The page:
In the buildup to the Gulf War, Bush’s popularity soared to an astonishing 89 percent. But his goose was cooked with Movement Conservatives, who warned that anyone who had voted for the 1990 tax measure—or signed it—was a RINO who would pay for his or her apostasy at the polls. In the election of 1992, they backed the independent candidate, billionaire businessman Ross Perot, while the Democratic governor of Arkansas, the charismatic William Jefferson Clinton, whipped up cheering audiences with his relentless focus on the economy, which was in a short-term recession sparked primarily by the savings and loan crisis. Bush clung to the vain hope that he could come from behind.

That November, Clinton and his running mate, Tennessee senator Albert Gore III, garnered 43 percent of the vote to win the White House. Republicans had the powerful language of individualism and prosperity against special interests, but Democrats had the even more powerful facts that the Reagan years had left poor and middle-class Americans falling behind the wealthiest of their countrymen. Bush captured only 37 percent of the electorate, and Ross Perot siphoned off more than nineteen million votes, almost 19 percent of the voters, who were fed up with what seemed to many to be the interchangeability of the politicians in Washington. Democrats retained control of the House and Senate. With Republican policies driving more and more voters toward Democrats, the election of 1992 demonstrated that Republicans could not win without the votes of Movement Conservatives. They would have to harden their positions even further.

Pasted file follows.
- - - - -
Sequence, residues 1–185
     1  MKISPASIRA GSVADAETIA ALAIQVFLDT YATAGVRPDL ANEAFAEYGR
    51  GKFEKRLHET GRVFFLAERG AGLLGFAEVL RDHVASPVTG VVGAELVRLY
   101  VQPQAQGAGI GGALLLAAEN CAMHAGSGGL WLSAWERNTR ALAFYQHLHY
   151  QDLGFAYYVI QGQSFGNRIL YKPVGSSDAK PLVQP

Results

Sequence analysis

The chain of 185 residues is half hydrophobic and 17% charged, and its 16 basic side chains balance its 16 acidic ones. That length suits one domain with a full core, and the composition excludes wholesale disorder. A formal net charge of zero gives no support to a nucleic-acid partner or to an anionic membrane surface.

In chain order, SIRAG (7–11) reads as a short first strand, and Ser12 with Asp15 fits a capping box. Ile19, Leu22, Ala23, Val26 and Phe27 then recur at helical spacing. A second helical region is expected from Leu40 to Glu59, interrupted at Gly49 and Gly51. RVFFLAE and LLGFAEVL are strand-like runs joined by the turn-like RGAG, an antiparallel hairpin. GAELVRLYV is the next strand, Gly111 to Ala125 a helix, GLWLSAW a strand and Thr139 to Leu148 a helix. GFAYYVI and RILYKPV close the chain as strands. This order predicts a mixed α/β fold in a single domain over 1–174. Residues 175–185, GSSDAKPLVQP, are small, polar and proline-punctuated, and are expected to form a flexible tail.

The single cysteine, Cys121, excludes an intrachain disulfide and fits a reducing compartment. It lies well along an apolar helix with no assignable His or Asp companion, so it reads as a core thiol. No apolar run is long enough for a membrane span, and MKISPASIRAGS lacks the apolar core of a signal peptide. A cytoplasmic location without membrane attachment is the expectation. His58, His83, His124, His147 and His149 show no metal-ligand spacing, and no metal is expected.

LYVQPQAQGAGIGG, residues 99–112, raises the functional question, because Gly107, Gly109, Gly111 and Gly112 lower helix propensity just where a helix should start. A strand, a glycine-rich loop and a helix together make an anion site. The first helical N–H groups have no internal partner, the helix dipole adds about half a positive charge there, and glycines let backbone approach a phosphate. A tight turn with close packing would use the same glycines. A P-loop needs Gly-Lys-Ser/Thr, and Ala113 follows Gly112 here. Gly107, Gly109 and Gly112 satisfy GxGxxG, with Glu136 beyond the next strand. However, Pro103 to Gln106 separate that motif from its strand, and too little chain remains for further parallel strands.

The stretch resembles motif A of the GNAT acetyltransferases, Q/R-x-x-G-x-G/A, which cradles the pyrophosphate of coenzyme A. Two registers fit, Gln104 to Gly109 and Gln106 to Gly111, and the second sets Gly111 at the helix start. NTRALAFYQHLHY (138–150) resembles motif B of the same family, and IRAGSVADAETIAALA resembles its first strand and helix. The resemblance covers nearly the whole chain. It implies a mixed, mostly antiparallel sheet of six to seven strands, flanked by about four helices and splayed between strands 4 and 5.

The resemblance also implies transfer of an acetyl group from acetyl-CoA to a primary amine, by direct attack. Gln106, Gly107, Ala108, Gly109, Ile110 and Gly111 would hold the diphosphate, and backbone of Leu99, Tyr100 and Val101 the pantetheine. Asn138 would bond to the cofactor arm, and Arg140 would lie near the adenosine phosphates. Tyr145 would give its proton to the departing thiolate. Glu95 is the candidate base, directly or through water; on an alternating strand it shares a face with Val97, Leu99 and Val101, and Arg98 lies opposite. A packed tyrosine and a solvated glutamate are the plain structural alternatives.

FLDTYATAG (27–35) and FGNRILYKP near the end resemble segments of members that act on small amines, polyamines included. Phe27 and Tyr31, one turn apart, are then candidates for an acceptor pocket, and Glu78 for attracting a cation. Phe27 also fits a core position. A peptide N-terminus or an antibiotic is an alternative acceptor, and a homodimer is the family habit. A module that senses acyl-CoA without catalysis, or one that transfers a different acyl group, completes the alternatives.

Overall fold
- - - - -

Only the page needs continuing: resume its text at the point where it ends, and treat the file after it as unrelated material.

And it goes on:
If they hated RINOs, Movement Conservatives were apoplectic about Democrats, those Liberals who were pushing America toward socialism. They worried that Clinton would find a way to erase the gains of the Reagan years. They had spent forty years fighting “statism” on two fronts: in America and against the Soviet Union. Now that the Soviet Union was gone, they noted, they could concentrate their firepower at home.

And they did. Although polls suggested that the public was not greatly concerned about taxes, Movement Conservatives’ rhetoric against taxes continued to mount as they pushed supply-side economics. Promising to slash budgets and cut taxes, regardless of the effect on state and local governments, was almost always a recipe for victory. In 1993, Republican Christine Todd Whitman, a woman with, as even the supportive Wall Street Journal noted, “no recognizable economic credentials,” came from twenty points behind to win the governorship of New Jersey when she called in Grover Norquist to craft a tax-cut promise. Norquist simply fought the supply-side fight. “We worked from the assumption that our economic policies worked and theirs didn’t. . . . We ran on this message . . . and we won.”

Movement Conservatives continued to insist that social welfare legislation was simply Democratic vote buying. When Clinton proposed a national healthcare plan, they worried that healthcare benefits would cement more voters to the Democrats, and they attacked it with the same sort of vicious misrepresentation that had worked in the Willie Horton ad.